When Time Warner merged with AOL to force Turner out of his own company, all WCW programming was cancelled – a decision which severely reduced the value of the company and forced producer Eric Bischoff to pull out of a deal to purchase WCW.

At the time WCW was itself beginning to pull out of a creative nosedive thanks to the reins finally being handed to younger, self-made stars like Booker T rather than having the old hands calling the same old shots. But the damage was done and, in March 2001 the final WCW Monday Nitro program featured live link-ups with WWF Monday Night Raw as the latter’s poorly-received Invasion angle began once WWF had purchased WCW.

Fast-forward to today and, while I definitely don’t see history repeating itself the way it did in Panama City 13 years ago, the same danger signs are there for TNA, beginning with Spike TV’s announcement that it won’t be renewing their TV deal for TNA Impact Wrestling. Although there’s still a long way to go before the deal expires in the autumn, losing a major source of income like TV after some very harsh cutbacks have already been made can’t be good news for fans of the Impact Zone.

Not that there are that many there, or on the road. Attendances have been anaemic at house shows, and photographs taken at their annual showpiece Bound For Glory from last October demonstrate perfectly the problems the company is having in engaging their audience.

According to reports by Dave Meltzer, Spike TV had a huge problem with TNA using Vince Russo as a creative consultant. The same Vince Russo who, in one of his trademark worked shoots, called Hulk Hogan a “goddamn politician” back in 2000, when Hogan played his creative control card to secure yet another WCW World Title – by having Jeff Jarrett lay down for him. (The same Hulk Hogan who signed a staggeringly massive TNA contract in 2009 for what turned to be precious little return, but that’s only another factor in their money problems).

Jeff Jarrett lays down Hulk Hogan

I never even liked Jeff Jarrett, but the poor sod didn’t deserve this.

During a previous Russo run at TNA, Spike were very upset at some of his more controversial angles – including regular occurrences of male-on-female violence. (Of course, none of this has anything to do with TNA’s biggest hook of late – tune in to Impact and see Bully Ray finally put TNA owner Dixie Carter through a table!) The main issue is that Spike did not know that Russo was on the payroll until recently, when he accidentally sent an email to wrestling reporter Mike Johnson rather than commentator Mike Tenay.

And so, their trust violated that TNA wouldn’t do such a silly thing as rehire a man who was persona non grata with Spike, the channel has reportedly decided not to renew – leaving TNA’s future very unclear indeed.

Despite my personal dislike of most of TNA’s work for the past decade, I personally think this is a blow for pro wrestling; their authority unchecked, WWE may not feel the need to grow and develop their offering. I’m not saying TNA were ever at the heights of WCW’s run – far from it – but with no mainstream alternative it’s going to be hard for fans to get their fix of wrestling if Spike decides not to renew.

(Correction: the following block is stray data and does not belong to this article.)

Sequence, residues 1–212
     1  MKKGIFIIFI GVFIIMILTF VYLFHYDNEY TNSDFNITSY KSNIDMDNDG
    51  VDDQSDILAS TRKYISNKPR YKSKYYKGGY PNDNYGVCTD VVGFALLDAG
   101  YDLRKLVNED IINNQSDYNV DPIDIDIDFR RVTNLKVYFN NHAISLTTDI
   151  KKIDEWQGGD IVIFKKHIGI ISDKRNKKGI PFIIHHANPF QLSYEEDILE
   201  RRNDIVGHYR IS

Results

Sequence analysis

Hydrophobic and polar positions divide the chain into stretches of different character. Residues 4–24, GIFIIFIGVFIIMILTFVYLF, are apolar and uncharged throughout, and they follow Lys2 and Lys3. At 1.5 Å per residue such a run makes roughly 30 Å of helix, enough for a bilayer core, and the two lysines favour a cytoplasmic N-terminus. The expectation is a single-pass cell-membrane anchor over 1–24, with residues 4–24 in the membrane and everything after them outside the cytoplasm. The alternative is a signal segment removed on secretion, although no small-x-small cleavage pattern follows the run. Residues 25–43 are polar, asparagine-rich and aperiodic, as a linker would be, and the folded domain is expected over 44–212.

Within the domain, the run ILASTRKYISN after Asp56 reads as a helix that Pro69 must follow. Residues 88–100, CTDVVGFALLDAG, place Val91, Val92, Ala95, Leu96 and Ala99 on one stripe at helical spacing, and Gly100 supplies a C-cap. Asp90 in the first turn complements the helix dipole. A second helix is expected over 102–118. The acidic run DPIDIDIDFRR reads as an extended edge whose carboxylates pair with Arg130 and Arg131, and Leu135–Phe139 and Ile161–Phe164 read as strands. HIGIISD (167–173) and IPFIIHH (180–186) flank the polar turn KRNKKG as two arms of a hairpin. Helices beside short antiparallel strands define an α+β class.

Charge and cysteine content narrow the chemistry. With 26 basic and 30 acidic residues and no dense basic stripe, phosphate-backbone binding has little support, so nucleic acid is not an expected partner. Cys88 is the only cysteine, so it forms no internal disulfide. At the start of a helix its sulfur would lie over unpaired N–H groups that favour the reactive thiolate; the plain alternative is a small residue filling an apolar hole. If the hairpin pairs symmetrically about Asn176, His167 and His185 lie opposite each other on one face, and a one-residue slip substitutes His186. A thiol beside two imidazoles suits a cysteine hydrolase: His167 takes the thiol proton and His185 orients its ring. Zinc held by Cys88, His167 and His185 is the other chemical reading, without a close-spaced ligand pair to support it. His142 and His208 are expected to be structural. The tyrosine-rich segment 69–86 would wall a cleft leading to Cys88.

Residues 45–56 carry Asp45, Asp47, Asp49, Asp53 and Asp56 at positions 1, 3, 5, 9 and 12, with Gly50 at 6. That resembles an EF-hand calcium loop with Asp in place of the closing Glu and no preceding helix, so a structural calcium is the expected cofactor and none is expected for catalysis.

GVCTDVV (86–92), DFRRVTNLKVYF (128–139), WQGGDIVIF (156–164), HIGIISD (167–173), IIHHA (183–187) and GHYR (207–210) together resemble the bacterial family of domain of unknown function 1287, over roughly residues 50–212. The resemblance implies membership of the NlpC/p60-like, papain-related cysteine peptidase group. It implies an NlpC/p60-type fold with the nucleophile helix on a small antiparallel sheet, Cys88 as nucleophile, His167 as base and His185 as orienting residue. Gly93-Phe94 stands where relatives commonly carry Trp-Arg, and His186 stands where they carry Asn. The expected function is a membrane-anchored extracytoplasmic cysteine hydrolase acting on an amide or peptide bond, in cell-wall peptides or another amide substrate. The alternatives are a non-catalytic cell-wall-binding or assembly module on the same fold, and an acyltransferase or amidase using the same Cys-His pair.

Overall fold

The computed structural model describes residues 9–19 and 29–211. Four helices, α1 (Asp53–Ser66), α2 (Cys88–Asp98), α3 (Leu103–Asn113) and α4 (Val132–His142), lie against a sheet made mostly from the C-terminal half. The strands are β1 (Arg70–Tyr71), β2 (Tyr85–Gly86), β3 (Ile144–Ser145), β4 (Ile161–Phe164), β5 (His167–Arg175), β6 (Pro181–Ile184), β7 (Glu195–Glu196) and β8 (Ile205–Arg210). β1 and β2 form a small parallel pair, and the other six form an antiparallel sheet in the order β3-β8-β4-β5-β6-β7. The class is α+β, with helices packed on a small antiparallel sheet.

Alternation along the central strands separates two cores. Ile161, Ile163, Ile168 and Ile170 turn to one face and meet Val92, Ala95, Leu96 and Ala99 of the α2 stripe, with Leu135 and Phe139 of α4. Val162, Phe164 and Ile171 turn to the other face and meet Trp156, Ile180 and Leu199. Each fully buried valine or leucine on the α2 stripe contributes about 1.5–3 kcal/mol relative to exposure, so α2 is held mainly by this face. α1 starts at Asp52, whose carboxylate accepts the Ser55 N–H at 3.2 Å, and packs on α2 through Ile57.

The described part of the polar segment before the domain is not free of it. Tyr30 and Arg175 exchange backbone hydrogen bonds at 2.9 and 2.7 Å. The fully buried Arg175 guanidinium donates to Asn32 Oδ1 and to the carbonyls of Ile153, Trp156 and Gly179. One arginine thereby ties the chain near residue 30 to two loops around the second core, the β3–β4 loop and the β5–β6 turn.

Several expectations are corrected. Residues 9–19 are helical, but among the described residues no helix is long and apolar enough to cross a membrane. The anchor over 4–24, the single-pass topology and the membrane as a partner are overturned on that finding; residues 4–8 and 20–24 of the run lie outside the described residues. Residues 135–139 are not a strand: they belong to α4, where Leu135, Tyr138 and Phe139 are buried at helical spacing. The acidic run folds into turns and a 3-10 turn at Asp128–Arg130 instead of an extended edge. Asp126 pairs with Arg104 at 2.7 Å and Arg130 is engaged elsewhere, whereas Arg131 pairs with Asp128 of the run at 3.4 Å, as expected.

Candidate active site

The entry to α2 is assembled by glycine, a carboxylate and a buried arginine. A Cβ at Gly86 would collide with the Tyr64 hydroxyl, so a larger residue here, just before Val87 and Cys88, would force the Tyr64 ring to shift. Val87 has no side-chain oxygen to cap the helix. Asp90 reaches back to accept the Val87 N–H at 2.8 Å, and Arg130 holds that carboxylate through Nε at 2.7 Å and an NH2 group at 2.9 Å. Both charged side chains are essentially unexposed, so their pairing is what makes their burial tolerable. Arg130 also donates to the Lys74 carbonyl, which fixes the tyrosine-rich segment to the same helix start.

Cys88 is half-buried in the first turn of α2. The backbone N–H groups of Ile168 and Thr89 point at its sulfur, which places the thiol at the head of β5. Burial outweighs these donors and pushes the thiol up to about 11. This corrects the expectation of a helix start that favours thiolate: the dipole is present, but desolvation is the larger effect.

Comic review – ‘House Party’ by Rachael Smith

Nostalgia is a big thing for geeks. Literally meaning ‘aching for a return home’ it’s typically used by cynics who will always tell you that things were better in their day. I felt a fair amount of it last night at a party as I listened to songs which remind me of the good old days.

And it’s the good old days that the main characters in Rachael Smith’s new graphic novel ‘House Party’ are out to recapture.

Rachael Smith House Party comicFinding Michelle, Siobhan, and Neil now we learn about each of their passions and how real life has taken them down a different path to the ones they’d rather be on. Michelle used to be a writer and the darling of the university cool kids but now she works in an office and misses that great inspiration, while Siobhan’s art and Neil’s stand-up have gone much the same way.

In order to regain their rockstar status, the three decide to throw one of their legendary house parties, just like the old days – and with Smith’s compelling mix of relate-able characters, humour and drama you’ll find out how that turns out for them.

All my life, nostalgia is something I’ve struggled to get my head around. Even when those best times of my life were supposedly happening, no doubt I’ll have been too busy fretting about something or other to properly enjoy it. This near-existential angst is a universal experience and within the pages of House Party, Smith has expressed brilliantly those exact same struggles and curiosities we all feel about the way things used to be and how we strayed so far away from them.

Rachael Smith House Party review

As I mentioned in an earlier review – for the equally wonderful I Am Fire – you wouldn’t expect such deep and meaningful issues to hit home in a comic when there are far weightier books to do the job, but here as always Smith has created a full and frightening world in which the reader can understand and sympathise with her characters as they make the hard decisions and express their turmoil very effectively, with great writing and art working so well together.

If you’re of that certain age where life was just better back then, dammit – I can’t recommend House Party enough.

QuakeCon 2014 vs DashCon 2014

Con season is upon us…

…and while fans of fragfests gathered online and at the Hilton Anatole Hotel in Dallas for QuakeCon, organisers of another convention are throwing out apologies like confetti as the DashCon trainwreck rolls on.

QuakeCon 2014